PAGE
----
Emergency Rescue Equipments
First aid is the immediate care given to victims of accidents before trained medical workers arrive. Its goal is to stop and, if possible, reverse harm. It involves rapid and simple measures such as clearing the air passageway, applying pressure to bleeding wounds or dousing chemical burns to eyes or skin.
The critical factors which shape first aid facilities in a workplace are work-specific risk and availability of definitive medical care. The care of a high-powered saw injury is obviously radically different from that of a chemical inhalation.
From a first aid perspective, a severe thigh wound occurring near a surgical hospital requires little more than proper transport; for the same injury in a rural area eight hours from the nearest medical facility, first aid would include-among other things-debridement, tying off bleeding vessels and administration of tetanus immunoglobulin and antibiotics.
First aid is a fluid concept not only in what (how long, how complex) must be done, but in who can do it. Though a very careful attitude is required, every worker can be trained in the top five or ten do’s and don’ts of first aid. In some situations, immediate action can save life, limb or eyesight. Co-workers of victims should not remain paralyzed while waiting for trained personnel to arrive. Moreover, the “top-ten” list will vary with each workplace and must be taught accordingly.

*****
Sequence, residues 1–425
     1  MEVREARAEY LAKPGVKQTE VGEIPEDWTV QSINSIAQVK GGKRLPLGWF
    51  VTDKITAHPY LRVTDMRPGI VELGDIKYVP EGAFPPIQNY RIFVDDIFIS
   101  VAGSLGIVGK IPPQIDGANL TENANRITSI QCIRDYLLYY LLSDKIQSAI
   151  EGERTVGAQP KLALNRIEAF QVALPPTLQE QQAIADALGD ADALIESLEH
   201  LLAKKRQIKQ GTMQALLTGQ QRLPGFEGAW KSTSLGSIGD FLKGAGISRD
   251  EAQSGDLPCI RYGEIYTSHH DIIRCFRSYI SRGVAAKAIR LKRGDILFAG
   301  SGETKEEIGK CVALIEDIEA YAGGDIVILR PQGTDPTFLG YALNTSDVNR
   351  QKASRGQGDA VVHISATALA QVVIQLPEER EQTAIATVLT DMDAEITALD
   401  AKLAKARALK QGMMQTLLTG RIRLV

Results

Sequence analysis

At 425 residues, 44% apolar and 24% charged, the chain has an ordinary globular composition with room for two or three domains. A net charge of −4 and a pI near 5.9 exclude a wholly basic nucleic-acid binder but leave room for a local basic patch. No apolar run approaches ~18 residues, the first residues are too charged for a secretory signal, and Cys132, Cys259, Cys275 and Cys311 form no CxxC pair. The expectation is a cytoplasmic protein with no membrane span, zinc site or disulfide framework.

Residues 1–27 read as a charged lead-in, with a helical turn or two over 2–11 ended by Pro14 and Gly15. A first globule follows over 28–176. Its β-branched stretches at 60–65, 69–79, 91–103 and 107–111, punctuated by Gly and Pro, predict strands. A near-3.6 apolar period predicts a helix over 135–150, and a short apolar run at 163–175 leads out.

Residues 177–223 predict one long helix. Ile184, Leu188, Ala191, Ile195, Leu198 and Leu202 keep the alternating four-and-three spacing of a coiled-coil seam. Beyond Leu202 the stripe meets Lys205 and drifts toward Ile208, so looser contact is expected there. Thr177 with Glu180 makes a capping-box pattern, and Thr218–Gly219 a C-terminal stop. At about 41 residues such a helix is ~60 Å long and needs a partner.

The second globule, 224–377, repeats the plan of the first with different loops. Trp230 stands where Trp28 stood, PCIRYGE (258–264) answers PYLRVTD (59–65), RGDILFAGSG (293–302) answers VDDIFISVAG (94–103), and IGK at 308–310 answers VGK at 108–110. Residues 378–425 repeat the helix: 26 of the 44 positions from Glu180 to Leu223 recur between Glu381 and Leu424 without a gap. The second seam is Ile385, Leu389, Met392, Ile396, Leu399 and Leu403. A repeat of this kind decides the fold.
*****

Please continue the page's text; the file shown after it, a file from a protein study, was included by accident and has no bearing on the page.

First aid cannot be planned in isolation. First aid requires an organized approach involving people, equipment and supplies, facilities, support and arrangements for the removal of victims and non-victims from the site of an accident. Organizing first aid should be a cooperative effort, involving employers, occupational health and public health services, the labour inspectorate, plant managers and relevant non-governmental organizations. Involving workers themselves is essential: they are often the best source on the likelihood of accidents in specific situations.
Whatever the degree of sophistication or the absence of facilities, the sequence of actions to be taken in the case of an unforeseen event must be determined in advance. This must be done taking due account of existing and potential occupational and non-occupational hazards or occurrences, as well as ways of obtaining immediate and appropriate assistance. Situations vary not only with the size of the enterprise but also with its location (in a town or a rural area) and with the development of the health system and of labour legislation at the national level.
As regards the organization of first aid, there are several key variables to be considered:
- type of work and associated level of risk
- potential hazards
- size and layout of the enterprise
- other enterprise characteristics (e.g., configuration)
- availability of other health services.